Yeah, last night at the show in Stockholm this girl from Sweden who lives in Atlanta had no idea what it was like. Her perception of England was completely different… that everyone was well off, that there was no real trouble…. you know the classic drinking tea and all that. She thought it was like that but her friend that had been to Peckham, where Giggs is from actually, she had seen the real side of England, where the real normal people live. Peoples perception versus what I’m saying on the record is quite different.

Its not all bad though, even on the record you reference Sam Cookes ‘Change Is Gonna Come’ which is about being in a bad place but ultimately a really hopeful song.

Yeah yeah ‘a change is gonna come for the masses’. It’s that harsh reality but optimism. It can be ok, you will find your way. You gotta have some kinda hopefulness about it. That’s the message I want to give to the people where I’m from. I know what it’s like. If anything I could lead by example or be living proof that you can do something, end up in another country performing music or make it in whatever field you choose.  On a ‘Roadmans Hymn’  there is a lyric saying ‘Kids see me on road and feel uplifted’ you know, I’m still around so they can see me and be inspired by me so hopefully it’s optimistic for them.

Your Merchandise has the phrase ‘The Endz’ on it and the album refers to ‘Manor’ How would you explain the meaning of that to an alien ? 

I guess Americans say the ‘hood, taken from neighbourhood, in Jamaica they say the Garrison, that’s the ghetto. In England we say endz. My endz would be east london. It’s just your area, my area is not called endz, it could relate to anywhere. Wiley’s endz is Bow. I guess Manor comes from house. That’s my Manor !

Grime compared to when it came out first is much broader and bigger right ? It seems now to be reaching out further, opening up. Recently Ty Dolla Sign in Copenhagen asked Krept and Konan to support him here for a show. There seems to be more of a reach from the US side towards it.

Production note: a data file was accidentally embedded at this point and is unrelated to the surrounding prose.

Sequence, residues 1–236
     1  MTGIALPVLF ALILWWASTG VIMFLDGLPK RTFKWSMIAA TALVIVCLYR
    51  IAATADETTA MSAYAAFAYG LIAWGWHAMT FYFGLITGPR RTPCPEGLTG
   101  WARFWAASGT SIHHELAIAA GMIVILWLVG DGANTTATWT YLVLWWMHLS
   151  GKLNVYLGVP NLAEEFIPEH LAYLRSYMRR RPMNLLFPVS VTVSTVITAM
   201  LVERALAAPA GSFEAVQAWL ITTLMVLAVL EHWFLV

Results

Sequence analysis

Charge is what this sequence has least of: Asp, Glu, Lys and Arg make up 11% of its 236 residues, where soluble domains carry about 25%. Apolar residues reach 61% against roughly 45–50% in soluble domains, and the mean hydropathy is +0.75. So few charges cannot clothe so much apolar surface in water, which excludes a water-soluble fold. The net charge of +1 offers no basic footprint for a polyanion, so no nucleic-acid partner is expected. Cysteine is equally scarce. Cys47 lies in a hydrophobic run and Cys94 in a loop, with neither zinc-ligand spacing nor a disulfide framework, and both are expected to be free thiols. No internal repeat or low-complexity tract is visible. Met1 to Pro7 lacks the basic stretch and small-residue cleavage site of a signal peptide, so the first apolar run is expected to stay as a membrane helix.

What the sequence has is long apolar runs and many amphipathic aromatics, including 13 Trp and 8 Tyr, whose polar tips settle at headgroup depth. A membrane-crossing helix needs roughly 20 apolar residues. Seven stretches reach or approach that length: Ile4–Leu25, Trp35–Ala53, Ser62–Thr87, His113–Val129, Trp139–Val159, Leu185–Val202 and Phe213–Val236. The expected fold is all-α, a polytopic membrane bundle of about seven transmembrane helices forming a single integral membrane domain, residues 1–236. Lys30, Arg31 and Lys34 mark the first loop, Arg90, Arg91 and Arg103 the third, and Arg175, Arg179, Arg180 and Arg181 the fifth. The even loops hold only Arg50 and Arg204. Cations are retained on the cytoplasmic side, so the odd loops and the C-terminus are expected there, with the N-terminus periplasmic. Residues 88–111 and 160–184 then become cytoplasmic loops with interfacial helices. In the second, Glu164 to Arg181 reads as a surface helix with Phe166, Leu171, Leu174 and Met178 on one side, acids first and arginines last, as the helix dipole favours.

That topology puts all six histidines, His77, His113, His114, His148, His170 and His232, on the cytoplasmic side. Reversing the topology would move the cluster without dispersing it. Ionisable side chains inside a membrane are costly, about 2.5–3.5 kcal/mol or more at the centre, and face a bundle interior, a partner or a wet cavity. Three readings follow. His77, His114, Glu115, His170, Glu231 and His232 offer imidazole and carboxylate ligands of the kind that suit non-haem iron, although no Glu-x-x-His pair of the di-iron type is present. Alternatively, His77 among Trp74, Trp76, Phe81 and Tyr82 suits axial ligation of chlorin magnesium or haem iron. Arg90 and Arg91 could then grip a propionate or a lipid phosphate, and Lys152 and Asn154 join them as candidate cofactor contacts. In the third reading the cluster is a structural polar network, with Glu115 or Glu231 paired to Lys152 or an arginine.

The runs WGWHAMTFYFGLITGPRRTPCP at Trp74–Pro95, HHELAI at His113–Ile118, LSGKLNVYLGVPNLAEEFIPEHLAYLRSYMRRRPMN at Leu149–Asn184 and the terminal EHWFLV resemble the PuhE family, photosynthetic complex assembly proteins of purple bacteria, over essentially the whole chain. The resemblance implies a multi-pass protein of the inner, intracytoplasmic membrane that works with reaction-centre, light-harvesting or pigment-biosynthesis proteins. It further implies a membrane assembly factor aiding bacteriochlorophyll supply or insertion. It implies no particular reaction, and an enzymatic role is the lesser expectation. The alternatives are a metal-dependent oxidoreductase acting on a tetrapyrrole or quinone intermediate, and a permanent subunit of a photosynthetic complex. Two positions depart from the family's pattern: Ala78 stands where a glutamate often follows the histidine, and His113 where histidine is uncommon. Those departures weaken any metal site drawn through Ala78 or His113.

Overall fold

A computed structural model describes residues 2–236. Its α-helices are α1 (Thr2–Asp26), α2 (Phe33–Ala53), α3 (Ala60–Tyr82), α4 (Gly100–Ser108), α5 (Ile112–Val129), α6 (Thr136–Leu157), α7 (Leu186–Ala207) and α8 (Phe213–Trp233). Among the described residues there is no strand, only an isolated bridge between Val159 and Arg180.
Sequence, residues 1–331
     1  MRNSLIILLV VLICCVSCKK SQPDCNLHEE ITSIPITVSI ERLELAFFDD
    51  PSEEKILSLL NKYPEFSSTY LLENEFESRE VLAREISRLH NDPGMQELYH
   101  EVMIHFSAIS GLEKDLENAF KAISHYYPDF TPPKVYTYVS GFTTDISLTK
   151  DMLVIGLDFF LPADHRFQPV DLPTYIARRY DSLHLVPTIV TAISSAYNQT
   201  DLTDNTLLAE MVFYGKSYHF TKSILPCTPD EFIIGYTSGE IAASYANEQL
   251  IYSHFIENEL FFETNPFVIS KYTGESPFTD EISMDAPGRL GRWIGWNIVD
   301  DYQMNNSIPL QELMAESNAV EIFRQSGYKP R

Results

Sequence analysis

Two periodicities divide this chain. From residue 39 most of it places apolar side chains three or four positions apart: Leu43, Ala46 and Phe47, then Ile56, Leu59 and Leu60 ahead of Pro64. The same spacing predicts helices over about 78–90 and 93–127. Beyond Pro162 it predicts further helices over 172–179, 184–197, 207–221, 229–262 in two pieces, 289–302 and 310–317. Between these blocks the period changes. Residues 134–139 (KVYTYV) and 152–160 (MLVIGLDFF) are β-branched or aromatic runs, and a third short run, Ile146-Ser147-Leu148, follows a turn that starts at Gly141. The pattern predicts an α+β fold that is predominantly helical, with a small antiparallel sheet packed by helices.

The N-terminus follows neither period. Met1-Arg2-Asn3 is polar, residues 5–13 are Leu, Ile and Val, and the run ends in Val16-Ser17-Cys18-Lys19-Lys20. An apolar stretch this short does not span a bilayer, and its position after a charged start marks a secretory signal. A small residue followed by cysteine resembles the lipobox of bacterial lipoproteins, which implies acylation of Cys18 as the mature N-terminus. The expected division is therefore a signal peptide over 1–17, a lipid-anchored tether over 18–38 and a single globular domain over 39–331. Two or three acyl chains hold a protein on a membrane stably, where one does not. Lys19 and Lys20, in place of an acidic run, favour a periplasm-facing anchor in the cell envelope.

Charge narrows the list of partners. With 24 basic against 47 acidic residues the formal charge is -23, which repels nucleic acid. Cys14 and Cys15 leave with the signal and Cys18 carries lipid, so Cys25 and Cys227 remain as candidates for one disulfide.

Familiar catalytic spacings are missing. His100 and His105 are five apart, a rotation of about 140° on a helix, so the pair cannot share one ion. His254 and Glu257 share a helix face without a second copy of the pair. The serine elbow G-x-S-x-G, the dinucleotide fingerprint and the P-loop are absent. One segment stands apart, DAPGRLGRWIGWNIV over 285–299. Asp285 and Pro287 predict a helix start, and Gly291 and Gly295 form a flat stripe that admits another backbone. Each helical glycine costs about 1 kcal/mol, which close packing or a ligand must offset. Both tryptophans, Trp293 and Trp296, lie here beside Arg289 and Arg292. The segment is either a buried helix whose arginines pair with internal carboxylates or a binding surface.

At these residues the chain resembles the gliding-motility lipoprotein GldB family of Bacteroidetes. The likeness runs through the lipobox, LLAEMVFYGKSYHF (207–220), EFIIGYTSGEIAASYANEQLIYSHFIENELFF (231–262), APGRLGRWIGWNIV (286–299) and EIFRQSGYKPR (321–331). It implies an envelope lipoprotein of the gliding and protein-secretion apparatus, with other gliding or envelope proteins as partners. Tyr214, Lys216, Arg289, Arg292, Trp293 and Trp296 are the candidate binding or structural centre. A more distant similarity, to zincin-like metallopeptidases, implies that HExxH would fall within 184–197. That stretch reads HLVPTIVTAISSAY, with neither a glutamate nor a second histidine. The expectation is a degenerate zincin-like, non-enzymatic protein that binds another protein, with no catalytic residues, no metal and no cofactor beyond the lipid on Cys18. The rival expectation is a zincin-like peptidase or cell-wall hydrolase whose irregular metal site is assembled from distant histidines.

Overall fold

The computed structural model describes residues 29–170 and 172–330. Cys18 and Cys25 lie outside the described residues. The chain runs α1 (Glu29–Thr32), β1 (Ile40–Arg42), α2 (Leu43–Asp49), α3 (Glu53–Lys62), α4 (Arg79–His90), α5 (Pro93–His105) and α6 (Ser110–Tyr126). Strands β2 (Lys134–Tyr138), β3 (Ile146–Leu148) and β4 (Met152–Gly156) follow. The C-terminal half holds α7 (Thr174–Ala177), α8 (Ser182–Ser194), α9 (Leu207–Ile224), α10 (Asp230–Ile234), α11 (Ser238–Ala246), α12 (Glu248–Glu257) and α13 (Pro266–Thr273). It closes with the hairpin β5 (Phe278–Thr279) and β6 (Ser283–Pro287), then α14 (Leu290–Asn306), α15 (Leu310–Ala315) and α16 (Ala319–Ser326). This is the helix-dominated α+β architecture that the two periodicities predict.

Obviously it’s changed a lot as a sound since we started. Due to natural evolution, progression and skill set, you know what I mean. If you listen to an old hiphop beat compared to Drake it’s gonna be different. It doesn’t mean he’s any less hip hop. I feel now that for a long time we borrowed off them, they borrowed off us but never really acknowledged it. They didn’t really say it and now we borrow off each other and they’re ok to say it now. Maybe they’re more aware or we are making more noise now. I feel it’s ok. This music that we created and a lot of english genres like drum and bass and grime, dubstep… we borrowed from dancehall, dance  music and garage… and hip hop is one of those.  It takes inspirations from all over the gaff. Hip Hop does too and they are acknowledging it now. The songs that Rihanna has done… I hear a grime influence in that, Drake and yeah a lot of the trap. ‘Man Don’t Care’ that’s got a little trap influence now. The lines are getting blurred and what people are calling grime now would never have been called Grime, but they call Section Boys grime artists… but before that would have been one or the other, your hip hop or your grime. 

What are you listening to these days and whats next on the tour ?

I’m listening to Kendrick, Giggs, Ghetts, his new tunes ‘One Take’, ‘Dun No Already’..some big tunes, a lot of english stuff but I listen to dancehall mostly. Popcaan is probably who I listen to most out of everyone. We heading for Belgium, Hamburg, Berlin and Amsterdam and then we got some UK stuff and all the festivals during the summer.